Under the New York State Labor Law, property owners have a "non-delegable duty" (i.e., they cannot delegate the duty to someone else) to keep the premises safe for the construction workers on their property. If the accident involves a worker falling from a height — like from a ladder, scaffold or roof — or an object falling onto a worker from a height, this duty may make the property owner "strictly liable" to the injured worker with no deduction in the settlement or award for any negligence of the worker that may have contributed to the accident.
General contractors and subcontractors — Both the general contractor and subcontractor must provide workers a construction site that is reasonably safe. General and subcontractors also have a legal duty to warn of any defects or hazards at the site as well as any hazards inherent in the work being performed. Typically, a general contractor or subcontractor will have a duty to make sure that, to the extent they have been delegated control over a portion of the work being performed at a construction site, work is being performed safely and that the workplace itself is safe. This duty extends to the hiring of reasonably competent employees, and ensuring compliance with safety regulations.
Like property owners, general contractors have a "non-delegable" duty under New York State Labor Law. Their duty is to keep the property safe for construction workers on the job site. The law is serious. If a construction worker is injured by falling from a ladder, scaffold, roof or other height, or if an object falls from a height onto a worker, the general contractor may be held fully accountable for the harm. Legally, this is called "strict liability," and it means that there will be no deduction in the settlement amount, even if the worker's own actions contributed to the accident.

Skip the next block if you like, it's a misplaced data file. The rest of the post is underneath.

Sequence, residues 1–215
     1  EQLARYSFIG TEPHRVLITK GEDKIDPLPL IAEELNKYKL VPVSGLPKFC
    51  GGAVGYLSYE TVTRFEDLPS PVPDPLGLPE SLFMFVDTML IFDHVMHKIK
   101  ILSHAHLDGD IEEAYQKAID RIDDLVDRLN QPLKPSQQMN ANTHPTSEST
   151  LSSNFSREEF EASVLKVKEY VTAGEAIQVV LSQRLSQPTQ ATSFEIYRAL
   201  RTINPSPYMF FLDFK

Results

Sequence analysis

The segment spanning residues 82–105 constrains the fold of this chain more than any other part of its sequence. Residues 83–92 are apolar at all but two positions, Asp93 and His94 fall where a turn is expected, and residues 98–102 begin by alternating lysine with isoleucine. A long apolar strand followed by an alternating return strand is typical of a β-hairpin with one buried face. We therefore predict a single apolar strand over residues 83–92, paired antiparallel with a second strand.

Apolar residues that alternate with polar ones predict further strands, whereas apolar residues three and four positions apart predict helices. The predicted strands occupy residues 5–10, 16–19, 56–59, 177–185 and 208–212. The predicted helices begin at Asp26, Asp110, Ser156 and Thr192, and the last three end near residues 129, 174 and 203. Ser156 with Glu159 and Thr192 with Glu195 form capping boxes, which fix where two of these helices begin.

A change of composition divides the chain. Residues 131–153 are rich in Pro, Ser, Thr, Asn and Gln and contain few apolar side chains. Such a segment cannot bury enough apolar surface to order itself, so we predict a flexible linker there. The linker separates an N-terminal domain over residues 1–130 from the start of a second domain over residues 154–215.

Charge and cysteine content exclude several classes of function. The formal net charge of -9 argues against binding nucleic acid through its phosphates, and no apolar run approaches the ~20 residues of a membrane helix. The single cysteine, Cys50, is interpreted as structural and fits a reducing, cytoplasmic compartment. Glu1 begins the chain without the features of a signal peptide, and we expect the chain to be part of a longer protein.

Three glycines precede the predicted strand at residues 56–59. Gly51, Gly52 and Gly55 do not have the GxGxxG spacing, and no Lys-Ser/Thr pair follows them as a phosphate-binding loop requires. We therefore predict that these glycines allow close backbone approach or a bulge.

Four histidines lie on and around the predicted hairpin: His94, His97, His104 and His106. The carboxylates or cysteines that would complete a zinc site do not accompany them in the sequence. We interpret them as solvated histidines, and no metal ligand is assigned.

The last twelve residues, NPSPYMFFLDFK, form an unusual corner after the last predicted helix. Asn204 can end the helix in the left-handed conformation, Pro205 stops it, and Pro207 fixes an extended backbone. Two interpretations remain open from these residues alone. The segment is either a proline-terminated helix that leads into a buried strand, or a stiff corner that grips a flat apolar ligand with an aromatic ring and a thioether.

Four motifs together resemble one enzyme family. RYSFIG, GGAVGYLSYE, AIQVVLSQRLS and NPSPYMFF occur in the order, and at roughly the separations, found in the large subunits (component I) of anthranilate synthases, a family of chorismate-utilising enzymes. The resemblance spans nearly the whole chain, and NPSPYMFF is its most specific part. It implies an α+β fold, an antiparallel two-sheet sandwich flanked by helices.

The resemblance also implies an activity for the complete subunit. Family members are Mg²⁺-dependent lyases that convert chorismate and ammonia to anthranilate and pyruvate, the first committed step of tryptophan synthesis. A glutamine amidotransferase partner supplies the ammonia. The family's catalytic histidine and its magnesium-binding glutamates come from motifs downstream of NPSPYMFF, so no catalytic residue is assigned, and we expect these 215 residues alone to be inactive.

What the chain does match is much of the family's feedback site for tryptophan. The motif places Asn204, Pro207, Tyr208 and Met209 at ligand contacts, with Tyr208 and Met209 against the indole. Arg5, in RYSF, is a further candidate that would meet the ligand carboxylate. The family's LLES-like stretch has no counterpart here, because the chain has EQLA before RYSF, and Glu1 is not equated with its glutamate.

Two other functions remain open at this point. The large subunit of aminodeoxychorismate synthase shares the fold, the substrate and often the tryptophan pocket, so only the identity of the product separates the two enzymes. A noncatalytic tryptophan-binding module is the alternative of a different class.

"Prime" contractors — Prime contractors share similarities with both general and subcontractors, depending on the specific construction project at issue. While a general contractor has responsibility for the entire project, a prime contractor is responsible only for the work that is identified in his or her prime contract. A prime contractor also is responsible for any work that he or she chooses to delegate to subcontractors, and has exclusive responsibility over those subcontractors, including as to payment and work quality.
Architects and engineers — These design professionals can be charged with differing amounts of responsibility for a construction project, and often the way to determine the extent of that responsibility is to look to the design professional's contract with the site owner. Duties can include progress observation to ensure compliance with plans and specifications, and site inspection to ensure compliance with code regulations. Aside from any duty specifically identified in the relevant construction contract, these design professionals are held to certain accepted standards in performing professional services during the design and/or construction phases of the project. An architect or engineer can be held liable for any injuries suffered by construction workers as a result of their failure to meet those standards.